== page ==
Giles Smith’s Thursday Thoughts

As he gives his fan’s-eye view as the season reaches its climax, columnist Giles Smith is doing calculations, weighing up options and deciding whether to play the possession game…  


And now, as Frank Sinatra so movingly sang (and also Sid Vicious), the end is near. Three points needed, three games to get them in. As they almost say in ‘Only Fools & Horses,’ ‘This time next week, Rodney…’

You’ll have done your own calculations. We beat West Brom on Friday: bingo. Champions. Or we fail to win at West Brom on Friday, but Spurs lose to Manchester United at the weekend: bingo. Champions again.

Or how about the romantic’s choice: a draw at West Brom and a win for Spurs, setting up the opportunity to bring it all to a noisy conclusion at home to Watford on Monday. Bingo, bingo, bingo: champions, champions, champions.

And I can easily see the romance of that, and fully understand people's desire to throw the party in our own sitting room, as in 2015, with ‘One Step Beyond’ cued up and ready to go, and ‘Blue is the Colour’ straight after it.

But no. Call me a party-pooper, but it’s Option A for me, all the way. And if not Option A, then Option B – winning it while not even on the pitch at the time, which everyone always says is a slightly disappointing way to clinch it, but I can’t see why. I’ve said it before here: the best title chase is a title chase that’s finished.

As for the possibility - which flickered into my mind like some kind of grim nightmare as I left the ground on Monday night - of getting those three points via three separate draws… No, let’s not even think about that right now. Imagine going into the final day, still needing something. I don’t see how I could get through the emotional and physical strain of that without at some point requiring the assistance of the emergency services. In the interests of my general health, then, and of the wonderful but inevitably over-stretched A&E department at the Chelsea & Westminster Hospital, let’s get it done, and let’s get it done quick.

‘Over the last two seasons,’ Arsene Wenger said, in a wide-ranging interview this week, ‘teams who have not [had] big possession have won the league.’

He meant us and Leicester – though, of course, we need, on his behalf, to enter the usual disclaimers at this point: isn’t over yet, still need three points, only three matches in which to get them, no time for complacency, every game a proper contest in this league, won’t rest until it’s time to rest, etc. etc.

However, presumptions aside, Wenger’s central point was that we, like Leicester, are not a ‘big possession’ side – not a team who, in another phrase that the Arsenal manager likes, ‘makes the game.’ Is that right, though? Leicester averaged 42.4 per cent of possession in their title-winning season, which does seem a little low, relatively speaking. Chelsea’s possession this season, by contrast, totalled up so far, stands at 54.6 per cent. Arsenal’s total isn’t that much greater: 58.3 per cent. This season’s current ball-hog kings are Manchester City, with 61.6 per cent.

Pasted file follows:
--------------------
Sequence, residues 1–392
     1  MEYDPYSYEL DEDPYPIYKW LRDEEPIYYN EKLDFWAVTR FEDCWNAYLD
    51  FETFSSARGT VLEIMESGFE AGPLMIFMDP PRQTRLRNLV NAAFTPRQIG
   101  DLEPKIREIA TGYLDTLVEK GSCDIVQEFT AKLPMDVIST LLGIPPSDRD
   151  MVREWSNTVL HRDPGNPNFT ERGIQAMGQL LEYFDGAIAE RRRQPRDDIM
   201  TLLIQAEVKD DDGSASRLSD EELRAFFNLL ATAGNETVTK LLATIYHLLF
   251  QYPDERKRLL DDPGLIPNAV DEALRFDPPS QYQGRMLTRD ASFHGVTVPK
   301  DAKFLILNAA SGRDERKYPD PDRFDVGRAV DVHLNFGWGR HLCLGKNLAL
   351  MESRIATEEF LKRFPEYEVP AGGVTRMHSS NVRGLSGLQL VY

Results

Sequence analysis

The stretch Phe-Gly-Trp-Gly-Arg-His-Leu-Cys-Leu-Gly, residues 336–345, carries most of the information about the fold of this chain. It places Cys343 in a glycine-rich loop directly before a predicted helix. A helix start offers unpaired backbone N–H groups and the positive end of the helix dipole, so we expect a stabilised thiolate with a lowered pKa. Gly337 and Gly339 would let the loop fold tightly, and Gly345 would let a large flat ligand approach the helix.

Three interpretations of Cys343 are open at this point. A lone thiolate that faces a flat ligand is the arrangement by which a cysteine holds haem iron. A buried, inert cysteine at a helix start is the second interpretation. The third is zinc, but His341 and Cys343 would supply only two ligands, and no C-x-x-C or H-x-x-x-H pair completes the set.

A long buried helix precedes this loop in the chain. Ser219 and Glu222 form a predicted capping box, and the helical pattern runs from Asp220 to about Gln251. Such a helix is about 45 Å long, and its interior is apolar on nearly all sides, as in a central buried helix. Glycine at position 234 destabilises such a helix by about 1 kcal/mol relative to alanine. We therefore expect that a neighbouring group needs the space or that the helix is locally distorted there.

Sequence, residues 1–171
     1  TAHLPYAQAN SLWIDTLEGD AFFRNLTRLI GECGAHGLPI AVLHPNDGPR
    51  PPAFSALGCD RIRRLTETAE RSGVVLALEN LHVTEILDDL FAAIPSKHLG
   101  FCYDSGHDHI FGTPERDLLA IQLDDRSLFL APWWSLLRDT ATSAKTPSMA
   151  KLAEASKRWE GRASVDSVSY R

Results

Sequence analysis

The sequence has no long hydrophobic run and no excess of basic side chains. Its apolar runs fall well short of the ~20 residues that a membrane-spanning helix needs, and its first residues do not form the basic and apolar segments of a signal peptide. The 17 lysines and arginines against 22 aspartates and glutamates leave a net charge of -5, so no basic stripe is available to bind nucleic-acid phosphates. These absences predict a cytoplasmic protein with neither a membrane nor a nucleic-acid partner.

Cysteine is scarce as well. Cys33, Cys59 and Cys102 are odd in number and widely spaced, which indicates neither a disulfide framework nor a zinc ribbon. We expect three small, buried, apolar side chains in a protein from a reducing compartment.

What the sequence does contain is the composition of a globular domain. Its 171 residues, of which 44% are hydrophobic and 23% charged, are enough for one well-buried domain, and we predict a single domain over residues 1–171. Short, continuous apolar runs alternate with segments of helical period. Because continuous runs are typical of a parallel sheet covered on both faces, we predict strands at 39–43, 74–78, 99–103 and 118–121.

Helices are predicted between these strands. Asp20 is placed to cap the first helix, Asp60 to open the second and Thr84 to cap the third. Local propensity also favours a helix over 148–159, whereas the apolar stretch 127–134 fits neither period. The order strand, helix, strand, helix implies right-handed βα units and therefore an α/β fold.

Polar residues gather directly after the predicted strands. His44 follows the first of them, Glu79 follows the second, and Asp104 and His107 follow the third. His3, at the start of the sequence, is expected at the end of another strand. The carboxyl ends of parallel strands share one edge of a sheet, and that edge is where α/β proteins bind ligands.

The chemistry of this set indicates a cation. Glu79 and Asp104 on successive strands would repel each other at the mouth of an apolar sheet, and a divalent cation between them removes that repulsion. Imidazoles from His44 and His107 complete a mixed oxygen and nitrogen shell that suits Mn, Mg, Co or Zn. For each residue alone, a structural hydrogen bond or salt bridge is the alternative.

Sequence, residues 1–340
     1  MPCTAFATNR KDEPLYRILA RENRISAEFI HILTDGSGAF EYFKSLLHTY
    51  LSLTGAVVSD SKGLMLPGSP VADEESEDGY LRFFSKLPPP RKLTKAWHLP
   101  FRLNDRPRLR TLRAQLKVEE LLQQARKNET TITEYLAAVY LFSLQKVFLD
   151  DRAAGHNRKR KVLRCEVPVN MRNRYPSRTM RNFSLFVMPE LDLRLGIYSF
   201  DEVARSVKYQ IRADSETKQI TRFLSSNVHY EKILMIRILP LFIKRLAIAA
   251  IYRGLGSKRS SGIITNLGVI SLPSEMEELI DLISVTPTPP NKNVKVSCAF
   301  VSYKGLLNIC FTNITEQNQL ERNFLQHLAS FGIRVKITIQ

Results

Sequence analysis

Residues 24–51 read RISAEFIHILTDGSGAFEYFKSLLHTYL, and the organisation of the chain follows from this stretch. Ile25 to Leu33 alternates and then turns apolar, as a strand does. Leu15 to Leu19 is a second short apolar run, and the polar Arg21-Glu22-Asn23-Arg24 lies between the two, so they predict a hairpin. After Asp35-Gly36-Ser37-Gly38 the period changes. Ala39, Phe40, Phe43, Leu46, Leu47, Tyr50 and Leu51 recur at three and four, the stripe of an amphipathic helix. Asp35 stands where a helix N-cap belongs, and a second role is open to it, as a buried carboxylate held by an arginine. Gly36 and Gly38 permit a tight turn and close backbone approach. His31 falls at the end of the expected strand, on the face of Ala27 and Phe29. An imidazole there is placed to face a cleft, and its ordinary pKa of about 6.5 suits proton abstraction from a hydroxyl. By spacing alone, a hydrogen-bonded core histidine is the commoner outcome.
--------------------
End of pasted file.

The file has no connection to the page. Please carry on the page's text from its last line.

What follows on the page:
So, what, if anything, to conclude from these figures? We seem to have had the ball more often than we’ve not had it, for one thing. And we’ve clearly done quite a lot with the ball while we’ve had it, too, as the league table suggests, though the possession figures don’t really get into that. I don’t recall feeling particularly under-entertained at any point, either.

But otherwise… well, with all respect to Arsenal’s manager, I can’t help feeling that the main conclusion to be drawn is this: that possession statistics simply don’t tell us all that much about football – or not much that’s useful. While frequently presented as if they illuminate the game’s deepest mysteries and explain its cruellest injustices, possession stats normally make a statement in which all the key questions (possession where? possession when? possession why?) are begged.

It doesn’t help that, even right across the board, the differences in the numbers don’t seem all that wide. Even the worst team in the league, Sunderland, have had the ball 42 per cent of the time, and looking down the table as a whole, you would have to conclude that, when the majority of teams get together, the possession split is basically 50-50, or as close to it as makes no difference. Up at the top (with the 3.7 per cent that separates Arsenal from Chelsea this year, say, and certainly with the one per cent that puts Spurs fractionally above Manchester United), we’re dealing with the kind of minor differences that would probably be dismissed as a margin for error in many areas of statistical analysis.

The problem is, the picture of football that possession stats allegedly paint is bound to be vulnerable to distortion by other, more crucial things, such as, for instance, the score. There are times in a game – such as, one might say, when you’re 3-0 up against Arsenal – when the ball is bound to be of less urgent interest to you.

And that’s not a dig, by the way. It applies the other way round, too. When we lost 3-0 to Arsenal at the Emirates, in what turned out to be a pivotal moment in our season, back in September (dropping us, by the way, to eighth in the league, eight points off Manchester City at the top; how distant that world now feels), Chelsea had more of the ball - 51 per cent to Arsenal’s 49. But that’s obvious, isn’t it? Arsenal had sewn up the game by half-time and could pretty much spend the second half playing Pictionary and eating popcorn if they chose – as Wenger himself admitted after the game. ‘It [our pressure] was in and out in the second [half], which is understandable.’

That’s possession for you, though: it’s often said to be nine-tenths of the law. But it’s also less than half the story.